I then visited a local air-monitoring station that had recently had its capacity increased to produce a richer insight into the quantity and chemical makeup of smoke. Whilst there’s been a fair amount of research into fires, wildfire smoke less so, and it’s only now that more scientific attention is being focussed here. For example, did you know that as smoke ages it’s chemical composition changes?
The day I visited the monitoring station, the PM 2.5 readings were very high and some of the filters had shut down because it was so smoky!
Finally, I got taken around different parts of the Cedar Creek fire site by fire officers. It was a mosaic pattern of burning; some areas of the forest still green whilst others had been totally burnt to ashes leaving only ashen soil and black charred stumps. The ground was still smoking around me and the occasional tree top would randomly combust, helicopters danced in the distance. I was shown the huge range of resources being used to contain the fire from helicopters to incarcerated prison labourers. By the time of my visit it had cost $123m to tackle the fire and it still less than half contained. I also learnt about fire fighting methods and heard about the challenges of firefighting, especially in a warming climate which is making these fires more severe. I was struck by the huge scale of the fire and how the topography made tackling it very difficult. It is a dangerous dance between the firefighters and the fire as to where they draw their battle lines and a huge amount of planning and resources goes into it.
Whilst I’ve done a lot of journalism for the BBC focussed on climate change, visiting the fire and this community was a chance for me to get a sense of the scale of the fires and hear first-hand about the experiences of people who are on the front lines of the climate crisis. It gave me an opportunity to tell a climate story from a personal human centred perspective that isn’t always easy to achieve sitting in a newsroom. The report was 13 minutes long and was broadcast on ‘Living Planet’ a climate focussed programme by Germany’s national broadcaster DW (Deutsche Welle).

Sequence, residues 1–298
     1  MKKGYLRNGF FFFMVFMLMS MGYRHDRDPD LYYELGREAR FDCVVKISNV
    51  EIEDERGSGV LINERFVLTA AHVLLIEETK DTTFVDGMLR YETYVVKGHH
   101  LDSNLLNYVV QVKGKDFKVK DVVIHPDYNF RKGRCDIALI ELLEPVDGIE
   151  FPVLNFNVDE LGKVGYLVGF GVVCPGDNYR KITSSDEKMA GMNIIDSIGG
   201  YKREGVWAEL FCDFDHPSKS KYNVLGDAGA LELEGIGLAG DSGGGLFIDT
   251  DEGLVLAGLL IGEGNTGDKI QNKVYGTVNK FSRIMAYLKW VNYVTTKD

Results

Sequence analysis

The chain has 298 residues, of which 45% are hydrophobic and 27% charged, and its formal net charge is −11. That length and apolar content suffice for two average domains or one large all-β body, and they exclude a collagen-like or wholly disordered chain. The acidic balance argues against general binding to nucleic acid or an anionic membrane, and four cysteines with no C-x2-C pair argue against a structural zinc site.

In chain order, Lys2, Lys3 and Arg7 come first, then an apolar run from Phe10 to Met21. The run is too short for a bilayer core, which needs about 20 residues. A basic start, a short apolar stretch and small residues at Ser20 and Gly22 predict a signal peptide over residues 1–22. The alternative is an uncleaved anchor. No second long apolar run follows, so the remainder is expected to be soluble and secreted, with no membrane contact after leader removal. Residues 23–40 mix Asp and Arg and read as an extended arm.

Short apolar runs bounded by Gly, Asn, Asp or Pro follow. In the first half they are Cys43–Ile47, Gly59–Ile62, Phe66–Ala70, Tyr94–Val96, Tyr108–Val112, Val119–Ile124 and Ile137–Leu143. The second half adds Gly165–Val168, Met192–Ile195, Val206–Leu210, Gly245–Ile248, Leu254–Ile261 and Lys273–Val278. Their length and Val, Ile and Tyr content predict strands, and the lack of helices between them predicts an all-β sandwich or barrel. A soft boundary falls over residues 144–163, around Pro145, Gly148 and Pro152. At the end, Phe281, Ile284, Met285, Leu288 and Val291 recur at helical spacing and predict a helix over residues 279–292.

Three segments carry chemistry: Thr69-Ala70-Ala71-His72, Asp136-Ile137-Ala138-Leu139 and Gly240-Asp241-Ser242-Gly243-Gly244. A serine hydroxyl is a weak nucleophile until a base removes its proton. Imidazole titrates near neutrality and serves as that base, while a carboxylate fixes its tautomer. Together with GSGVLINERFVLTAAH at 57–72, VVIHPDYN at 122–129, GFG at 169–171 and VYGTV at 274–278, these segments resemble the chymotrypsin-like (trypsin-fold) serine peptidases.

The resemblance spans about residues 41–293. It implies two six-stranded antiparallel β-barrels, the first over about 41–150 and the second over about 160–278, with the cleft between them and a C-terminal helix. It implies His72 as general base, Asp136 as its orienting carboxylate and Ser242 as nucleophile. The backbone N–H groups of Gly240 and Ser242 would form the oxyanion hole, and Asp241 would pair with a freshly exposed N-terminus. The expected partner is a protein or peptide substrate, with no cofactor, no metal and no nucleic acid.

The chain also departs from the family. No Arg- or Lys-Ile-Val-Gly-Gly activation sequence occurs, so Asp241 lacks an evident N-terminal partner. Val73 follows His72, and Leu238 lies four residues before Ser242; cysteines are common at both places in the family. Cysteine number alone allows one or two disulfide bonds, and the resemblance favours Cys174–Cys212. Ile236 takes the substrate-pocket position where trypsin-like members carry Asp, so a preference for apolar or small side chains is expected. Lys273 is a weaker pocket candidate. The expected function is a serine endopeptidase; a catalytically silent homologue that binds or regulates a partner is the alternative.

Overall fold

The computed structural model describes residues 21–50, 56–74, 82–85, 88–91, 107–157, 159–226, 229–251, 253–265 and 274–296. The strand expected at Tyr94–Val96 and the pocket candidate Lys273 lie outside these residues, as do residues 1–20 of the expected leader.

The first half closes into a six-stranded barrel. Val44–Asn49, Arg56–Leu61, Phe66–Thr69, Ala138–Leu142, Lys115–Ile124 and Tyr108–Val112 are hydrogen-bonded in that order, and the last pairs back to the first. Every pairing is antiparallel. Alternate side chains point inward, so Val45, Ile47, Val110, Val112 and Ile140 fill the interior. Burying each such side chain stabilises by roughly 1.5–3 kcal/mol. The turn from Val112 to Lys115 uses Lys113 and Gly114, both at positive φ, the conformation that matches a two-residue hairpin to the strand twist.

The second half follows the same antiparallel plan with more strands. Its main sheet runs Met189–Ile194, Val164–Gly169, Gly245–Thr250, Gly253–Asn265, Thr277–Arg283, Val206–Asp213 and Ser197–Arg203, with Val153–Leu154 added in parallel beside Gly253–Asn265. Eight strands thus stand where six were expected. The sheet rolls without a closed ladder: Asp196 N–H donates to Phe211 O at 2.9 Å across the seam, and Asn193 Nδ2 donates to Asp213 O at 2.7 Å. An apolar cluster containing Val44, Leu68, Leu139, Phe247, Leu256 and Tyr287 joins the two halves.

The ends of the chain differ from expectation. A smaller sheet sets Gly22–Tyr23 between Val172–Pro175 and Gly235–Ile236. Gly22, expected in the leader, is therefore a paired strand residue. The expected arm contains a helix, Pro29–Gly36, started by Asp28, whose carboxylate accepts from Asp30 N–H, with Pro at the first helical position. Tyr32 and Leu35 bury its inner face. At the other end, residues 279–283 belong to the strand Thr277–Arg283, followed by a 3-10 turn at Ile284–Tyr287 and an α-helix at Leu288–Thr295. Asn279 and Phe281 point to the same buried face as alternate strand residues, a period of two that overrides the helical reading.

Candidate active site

Meeting and speaking to people engaged firsthand in firefighting and forestry management has given me a richer understanding of the many complexities involved in wildfire prevention. Since the visit I have been able to develop more ideas for stories around wildfires that I hope to cover, things like how forests and gardens are replanted to build resilient ecosystems after fires, or the health of the firefighters as they go about this dangerous and physically demanding work.
I’m grateful to my host institution for helping to facilitate this trip and lending me such excellent fire safety gear - though nobody warned me the bright yellow shirt would attract all the wasps!
Melanie Brown is a Fulbright Scholar supported by the Rita Allen Foundation based at the University of Oregon’s School of Journalism and Communication. Alongside teaching and research Melanie is reporting on local climate, environment and health issues. Her current journalism project on the Oregon wildfires and their aftermath has also been featured on German broadcaster DW’s channel which you can listen to here.